Artemisia Gentileschi completed a number of commissions for Italian cathedrals, and in most cases these would be amongst her largest works. It was necessary to work on a large scale when hanging items on large walls, or potentially being studied from a long distance away. This particular piece is over three metres in height.
This piece, The Martyrdom of St Januarius in the Amphitheatre at Pozzuoli, is one of the few items from her career to reside today in its intended location. It was specifically the choir of Pozzuoli Cathedral who commissioned the piece originally, and they requested Saints Proculus and Nicea and Adoration of the Magi at around the same time.
Who was Januarius?
Januarius remains highly regarded within the city of Naples, even today. He served as their patron saint and was eventually martyred in 305 AD. He was arrested for protecting Christians and was sentenced to death, but eventually managed to escape. The saint is pictured here with a considerable following who come to see and support him as he makes his way through this amphitheatre.
The saint is surrounded by worshippers as he makes his way around the amphitheatre. Many look on through the archways of this historic structure, whilst a cloudy sky shows through in the background. The artist pays great attention to the clothing of this saint, whilst the worshippers are given plain clothing in muted tones, and this approach helps to build a prominence within the composition.
As with a number of her other paintings, there may have been contributions from other artists within this painting. Artemisia would sometimes call for help, or have it forced upon her, for genres such as architectural painting and within this work it is likely that the elements of the amphitheatre itself was completed by another artist.
The artist did not sign all of her paintings, but when she did she would often do so in a creative manner. In this example, Artemisia signs her name on the tip of the lion's tail, who is positioned in the bottom right corner of the painting.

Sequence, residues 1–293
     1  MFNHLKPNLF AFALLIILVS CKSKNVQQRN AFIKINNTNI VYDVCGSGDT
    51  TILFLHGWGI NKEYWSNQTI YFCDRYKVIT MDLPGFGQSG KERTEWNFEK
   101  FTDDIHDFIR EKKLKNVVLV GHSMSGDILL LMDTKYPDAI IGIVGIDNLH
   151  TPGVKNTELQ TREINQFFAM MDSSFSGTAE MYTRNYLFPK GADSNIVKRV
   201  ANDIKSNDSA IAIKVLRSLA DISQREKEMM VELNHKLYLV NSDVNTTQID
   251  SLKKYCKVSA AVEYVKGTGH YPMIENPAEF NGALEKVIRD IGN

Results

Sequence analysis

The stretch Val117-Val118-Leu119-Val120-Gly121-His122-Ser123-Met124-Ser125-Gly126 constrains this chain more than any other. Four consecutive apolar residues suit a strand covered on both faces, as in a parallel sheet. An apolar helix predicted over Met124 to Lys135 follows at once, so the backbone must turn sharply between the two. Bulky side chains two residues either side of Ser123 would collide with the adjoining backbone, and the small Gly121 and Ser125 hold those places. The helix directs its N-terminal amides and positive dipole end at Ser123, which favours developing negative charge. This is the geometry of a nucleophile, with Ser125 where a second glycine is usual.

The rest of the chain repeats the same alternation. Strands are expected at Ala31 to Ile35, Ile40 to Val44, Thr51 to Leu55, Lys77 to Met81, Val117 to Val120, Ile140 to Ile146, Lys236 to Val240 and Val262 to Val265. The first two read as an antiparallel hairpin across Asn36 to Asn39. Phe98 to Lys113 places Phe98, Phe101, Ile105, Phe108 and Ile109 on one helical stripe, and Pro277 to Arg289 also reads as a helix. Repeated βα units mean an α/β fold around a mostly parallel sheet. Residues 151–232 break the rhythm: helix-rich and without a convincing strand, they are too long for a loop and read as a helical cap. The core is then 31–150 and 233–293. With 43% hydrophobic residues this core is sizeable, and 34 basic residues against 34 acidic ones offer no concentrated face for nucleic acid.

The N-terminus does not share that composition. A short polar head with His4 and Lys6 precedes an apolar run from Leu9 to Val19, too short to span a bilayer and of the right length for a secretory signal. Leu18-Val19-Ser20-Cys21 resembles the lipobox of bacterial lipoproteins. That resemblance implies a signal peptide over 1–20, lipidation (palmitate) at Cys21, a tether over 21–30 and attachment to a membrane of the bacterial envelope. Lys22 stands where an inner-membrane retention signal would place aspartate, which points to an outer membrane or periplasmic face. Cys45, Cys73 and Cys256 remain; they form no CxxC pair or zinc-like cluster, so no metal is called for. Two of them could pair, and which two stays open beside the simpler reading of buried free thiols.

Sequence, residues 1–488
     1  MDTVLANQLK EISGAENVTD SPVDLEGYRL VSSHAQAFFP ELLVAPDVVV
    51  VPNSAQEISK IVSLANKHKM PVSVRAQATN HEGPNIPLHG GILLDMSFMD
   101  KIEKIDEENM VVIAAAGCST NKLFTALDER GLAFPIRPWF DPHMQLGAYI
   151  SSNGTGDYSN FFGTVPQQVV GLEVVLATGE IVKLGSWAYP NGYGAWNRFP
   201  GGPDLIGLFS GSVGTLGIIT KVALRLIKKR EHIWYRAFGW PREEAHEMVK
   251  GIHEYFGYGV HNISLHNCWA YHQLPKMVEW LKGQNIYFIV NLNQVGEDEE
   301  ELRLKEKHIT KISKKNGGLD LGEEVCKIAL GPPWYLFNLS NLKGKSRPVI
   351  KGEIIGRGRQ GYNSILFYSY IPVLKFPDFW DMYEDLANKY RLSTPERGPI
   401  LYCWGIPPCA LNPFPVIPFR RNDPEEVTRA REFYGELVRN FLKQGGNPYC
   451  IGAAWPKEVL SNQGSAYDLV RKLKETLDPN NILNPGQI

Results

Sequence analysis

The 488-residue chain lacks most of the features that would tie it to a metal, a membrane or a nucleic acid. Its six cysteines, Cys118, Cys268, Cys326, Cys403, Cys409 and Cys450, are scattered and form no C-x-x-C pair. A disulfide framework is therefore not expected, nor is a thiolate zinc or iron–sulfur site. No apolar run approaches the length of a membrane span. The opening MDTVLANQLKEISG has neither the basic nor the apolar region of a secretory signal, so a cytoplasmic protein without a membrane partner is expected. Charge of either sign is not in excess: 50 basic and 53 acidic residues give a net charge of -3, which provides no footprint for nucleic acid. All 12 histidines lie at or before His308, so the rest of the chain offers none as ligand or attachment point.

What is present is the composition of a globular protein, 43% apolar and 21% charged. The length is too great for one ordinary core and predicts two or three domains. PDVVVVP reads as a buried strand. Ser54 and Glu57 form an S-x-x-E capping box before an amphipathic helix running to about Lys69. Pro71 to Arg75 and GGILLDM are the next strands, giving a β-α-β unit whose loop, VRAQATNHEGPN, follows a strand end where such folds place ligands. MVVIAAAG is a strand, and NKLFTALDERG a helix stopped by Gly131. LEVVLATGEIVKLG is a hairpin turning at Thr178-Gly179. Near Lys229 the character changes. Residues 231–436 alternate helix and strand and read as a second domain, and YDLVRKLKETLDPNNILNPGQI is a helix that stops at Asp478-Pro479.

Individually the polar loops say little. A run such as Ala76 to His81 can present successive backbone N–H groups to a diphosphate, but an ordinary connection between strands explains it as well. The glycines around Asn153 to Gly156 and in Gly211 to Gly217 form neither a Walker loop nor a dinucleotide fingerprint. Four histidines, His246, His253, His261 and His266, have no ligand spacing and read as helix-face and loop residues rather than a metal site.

This artwork was commissioned by the choir, and therefore would have been hung behind them within the cathedral. The entire building was undergoing considerable internal changes during this period, and Gentileschi's commissions were a part of that. It is believed that Artemisia knew several individuals that were close to the bishop of this cathedral, and they were able to encourage him to use her for some of their upcoming commissions.
Size and Medium
The Martyrdom of St Januarius in the Amphitheatre at Pozzuoli measures 308cm in height, by 200cm in width, making it a considerable undertaking. It was produced using oil on canvas, in line with the rest of the artist's career.
The Martyrdom of St Januarius in the Amphitheatre at Pozzuoli is dated to around 1635-1637, which was a period in her career in which she was living in Naples. Indeed, that city was prominent throughout this decade, although she also spent some time living in London, UK as well.
Large Image of Saint Januarius in the Amphitheatre at Pozzuoli
This large and delightful artwork can be found below in greater detail. This format should reveal more of the impressive detail added to the various robes within this piece, as well as some of the touches of architecture found in the background.
Saint Januarius in the Amphitheatre at Pozzuoli